Lawmakers ask governor to testify in Ronald Greene probe

Louisiana lawmakers on Wednesday asked Gov. John Bel Edwards and his top attorneys to testify before a bipartisan committee investigating allegations of a cover-up in the deadly 2019 arrest of Black motorist Ronald Greene.

The request comes just days after The Associated Press reported that Edwards and his lawyers privately watched a long-withheld video showing Greene taking his final breaths during his fatal arrest yet did not act urgently to get the crucial footage into the hands of those with the power to charge the white Louisiana State Police troopers seen stunning, punching and dragging the man.

The video, which showed critical moments and audio absent from other footage that was turned over, didn’t reach prosecutors until nearly two years after Greene’s May 10, 2019, death on a rural roadside near Monroe. Prosecutors and detectives have said they were not even aware the 30-minute clip existed until six months after the governor viewed it in October 2020.

State Rep. Clay Schexnayder, the Republican House speaker, cited “serious questions that can only be answered by” the Democratic governor and his staff.

“This committee will do its job and see this through no matter where the evidence leads,” Schexnayder said in a statement asking the governor to appear before the committee June 16.

Edwards’ office did not immediately respond to a request for comment Wednesday. The governor initially described the legislative inquiry as a “witch hunt” when it was started in February but later said he would review “very seriously” any requests for documents or testimony.

Edwards’ chief counsel, Matthew Block, told the AP there was no way for the governor to have known at the time that the video he watched had not already been turned over to prosecutors, and there was no effort by the governor or his staff to withhold evidence.

The legislative committee for weeks has sought to reconstruct the state’s response to Greene’s death, interviewing a long list of law enforcement officials and even subpoenaing the handwritten journals of a former state police superintendent.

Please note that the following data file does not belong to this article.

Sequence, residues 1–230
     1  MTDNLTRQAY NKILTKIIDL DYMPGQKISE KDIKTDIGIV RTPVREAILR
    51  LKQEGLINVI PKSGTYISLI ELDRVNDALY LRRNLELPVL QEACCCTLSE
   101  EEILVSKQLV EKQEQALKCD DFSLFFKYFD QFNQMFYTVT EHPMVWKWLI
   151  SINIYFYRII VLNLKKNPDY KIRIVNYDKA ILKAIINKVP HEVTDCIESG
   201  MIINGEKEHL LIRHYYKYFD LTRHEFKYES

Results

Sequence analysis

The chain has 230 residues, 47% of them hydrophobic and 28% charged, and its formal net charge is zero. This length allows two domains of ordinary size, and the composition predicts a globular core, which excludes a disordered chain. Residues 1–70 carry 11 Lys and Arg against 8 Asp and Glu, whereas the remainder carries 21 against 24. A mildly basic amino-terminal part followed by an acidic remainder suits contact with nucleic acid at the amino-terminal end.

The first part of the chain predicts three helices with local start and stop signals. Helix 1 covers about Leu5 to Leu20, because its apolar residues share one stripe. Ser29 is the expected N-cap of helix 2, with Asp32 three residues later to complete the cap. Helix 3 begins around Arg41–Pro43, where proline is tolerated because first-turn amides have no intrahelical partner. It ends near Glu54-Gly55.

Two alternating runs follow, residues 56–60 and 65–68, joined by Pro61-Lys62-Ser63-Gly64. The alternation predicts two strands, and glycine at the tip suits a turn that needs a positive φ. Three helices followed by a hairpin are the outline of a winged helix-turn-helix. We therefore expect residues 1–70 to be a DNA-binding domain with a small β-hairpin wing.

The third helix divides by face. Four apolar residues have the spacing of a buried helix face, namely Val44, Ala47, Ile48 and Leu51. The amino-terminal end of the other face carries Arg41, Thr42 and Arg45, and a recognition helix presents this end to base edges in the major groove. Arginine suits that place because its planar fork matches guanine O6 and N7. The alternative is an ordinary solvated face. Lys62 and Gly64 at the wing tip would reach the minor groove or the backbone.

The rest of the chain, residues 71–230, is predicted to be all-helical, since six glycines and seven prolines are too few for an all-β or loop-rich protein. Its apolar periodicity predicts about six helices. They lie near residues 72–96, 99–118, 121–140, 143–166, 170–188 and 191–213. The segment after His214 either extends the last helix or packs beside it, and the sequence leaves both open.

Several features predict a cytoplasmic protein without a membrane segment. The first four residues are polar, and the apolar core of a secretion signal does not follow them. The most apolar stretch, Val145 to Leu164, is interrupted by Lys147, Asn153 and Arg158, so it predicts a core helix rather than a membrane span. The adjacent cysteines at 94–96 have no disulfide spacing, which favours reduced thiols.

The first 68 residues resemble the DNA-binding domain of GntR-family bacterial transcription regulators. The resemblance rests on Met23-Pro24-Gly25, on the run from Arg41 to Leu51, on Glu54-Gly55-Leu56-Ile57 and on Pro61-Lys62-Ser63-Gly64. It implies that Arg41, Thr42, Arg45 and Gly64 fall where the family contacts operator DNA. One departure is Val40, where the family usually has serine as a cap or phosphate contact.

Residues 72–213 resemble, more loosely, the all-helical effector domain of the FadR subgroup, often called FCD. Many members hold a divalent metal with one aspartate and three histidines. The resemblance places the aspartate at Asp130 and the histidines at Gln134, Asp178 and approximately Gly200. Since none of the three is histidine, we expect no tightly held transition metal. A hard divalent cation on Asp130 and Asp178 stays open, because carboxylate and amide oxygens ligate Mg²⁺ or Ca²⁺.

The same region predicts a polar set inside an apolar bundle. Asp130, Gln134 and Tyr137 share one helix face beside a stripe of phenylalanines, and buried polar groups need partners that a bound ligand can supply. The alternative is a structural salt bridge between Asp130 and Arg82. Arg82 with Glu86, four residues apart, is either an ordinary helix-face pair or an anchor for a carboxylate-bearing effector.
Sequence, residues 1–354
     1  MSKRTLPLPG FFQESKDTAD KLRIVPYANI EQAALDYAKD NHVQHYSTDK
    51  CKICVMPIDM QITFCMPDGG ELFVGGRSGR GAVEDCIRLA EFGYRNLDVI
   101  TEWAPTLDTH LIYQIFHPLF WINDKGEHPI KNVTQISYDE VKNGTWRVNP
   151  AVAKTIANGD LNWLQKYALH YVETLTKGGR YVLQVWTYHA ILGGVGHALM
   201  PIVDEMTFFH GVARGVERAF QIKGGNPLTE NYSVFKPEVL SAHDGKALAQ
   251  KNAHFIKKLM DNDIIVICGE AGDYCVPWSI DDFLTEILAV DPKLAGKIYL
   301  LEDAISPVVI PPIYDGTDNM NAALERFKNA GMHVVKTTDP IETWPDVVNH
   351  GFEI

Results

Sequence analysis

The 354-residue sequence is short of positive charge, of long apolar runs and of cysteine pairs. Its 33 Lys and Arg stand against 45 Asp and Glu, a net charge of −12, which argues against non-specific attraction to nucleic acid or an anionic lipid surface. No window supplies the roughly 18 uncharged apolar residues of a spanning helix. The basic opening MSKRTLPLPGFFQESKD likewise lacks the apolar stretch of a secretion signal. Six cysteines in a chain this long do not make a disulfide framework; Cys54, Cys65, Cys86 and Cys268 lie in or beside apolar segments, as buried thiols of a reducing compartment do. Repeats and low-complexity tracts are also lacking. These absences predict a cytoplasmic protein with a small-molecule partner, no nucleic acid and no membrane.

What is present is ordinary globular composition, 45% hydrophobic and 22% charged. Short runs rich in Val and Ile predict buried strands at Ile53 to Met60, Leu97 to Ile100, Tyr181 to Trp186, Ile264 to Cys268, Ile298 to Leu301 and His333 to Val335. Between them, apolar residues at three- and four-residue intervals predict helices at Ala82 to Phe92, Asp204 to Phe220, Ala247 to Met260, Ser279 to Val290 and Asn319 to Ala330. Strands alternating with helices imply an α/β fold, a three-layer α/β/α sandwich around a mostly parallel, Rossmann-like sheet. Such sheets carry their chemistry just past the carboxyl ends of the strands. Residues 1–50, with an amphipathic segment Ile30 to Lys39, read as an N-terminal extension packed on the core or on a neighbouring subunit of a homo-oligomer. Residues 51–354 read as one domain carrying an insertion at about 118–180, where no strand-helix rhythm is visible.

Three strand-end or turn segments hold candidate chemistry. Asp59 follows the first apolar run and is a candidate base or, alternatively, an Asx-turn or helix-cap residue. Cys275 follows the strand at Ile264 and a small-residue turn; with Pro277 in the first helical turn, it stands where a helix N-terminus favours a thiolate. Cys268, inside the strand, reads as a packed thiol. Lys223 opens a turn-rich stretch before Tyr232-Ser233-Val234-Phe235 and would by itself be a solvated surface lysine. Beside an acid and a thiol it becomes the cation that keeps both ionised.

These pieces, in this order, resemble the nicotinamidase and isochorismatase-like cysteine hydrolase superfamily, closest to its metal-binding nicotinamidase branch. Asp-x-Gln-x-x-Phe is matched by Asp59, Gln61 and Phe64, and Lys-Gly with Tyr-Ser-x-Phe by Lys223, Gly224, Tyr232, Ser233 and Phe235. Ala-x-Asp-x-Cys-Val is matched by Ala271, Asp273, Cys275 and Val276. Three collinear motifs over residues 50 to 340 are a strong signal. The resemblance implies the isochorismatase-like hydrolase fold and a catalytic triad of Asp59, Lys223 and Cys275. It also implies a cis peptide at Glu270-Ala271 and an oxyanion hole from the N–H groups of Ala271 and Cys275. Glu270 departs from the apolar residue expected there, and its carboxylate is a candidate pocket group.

Lawmakers are now pivoting to what the governor knew, when he knew it and what he did about an in-custody death that troopers initially blamed on a car crash. The legislative inquiry comes amid ongoing federal and state investigations that have not resulted in any charges.

At issue is the 30-minute body-camera footage from Lt. John Clary, the highest-ranking trooper to respond to Greene’s arrest. It is one of two videos of the incident, and captured events not seen on the 46-minute clip from Trooper Dakota DeMoss that shows troopers swarming Greene’s car after a high-speed chase, repeatedly jolting him with stun guns, beating him in the head and dragging him by his ankle shackles.

Clary’s video is perhaps even more significant to the investigations because it is the only footage that shows the moment a handcuffed, bloody Greene moans under the weight of two troopers, twitches and then goes still. It also shows troopers ordering the heavyset, 49-year-old to remain face down on the ground with his hands and feet restrained for more than nine minutes — a tactic use-of-force experts criticized as dangerous and likely to have restricted his breathing.

The governor’s attorneys didn’t mention seeing the Clary video in a meeting days later with state prosecutors, who wouldn’t receive the footage until a detective discovered it almost by accident six months later. But state police say they showed the Clary video to Greene’s family days after the governor viewed it.

Several members of Greene’s family denied they had seen the video, but one of their attorneys wrote lawmakers an email this week confirming they had, in fact, seen Clary’s video, citing contemporaneous notes.


Mustian reported from Los Angeles, Bleiberg from Dallas.

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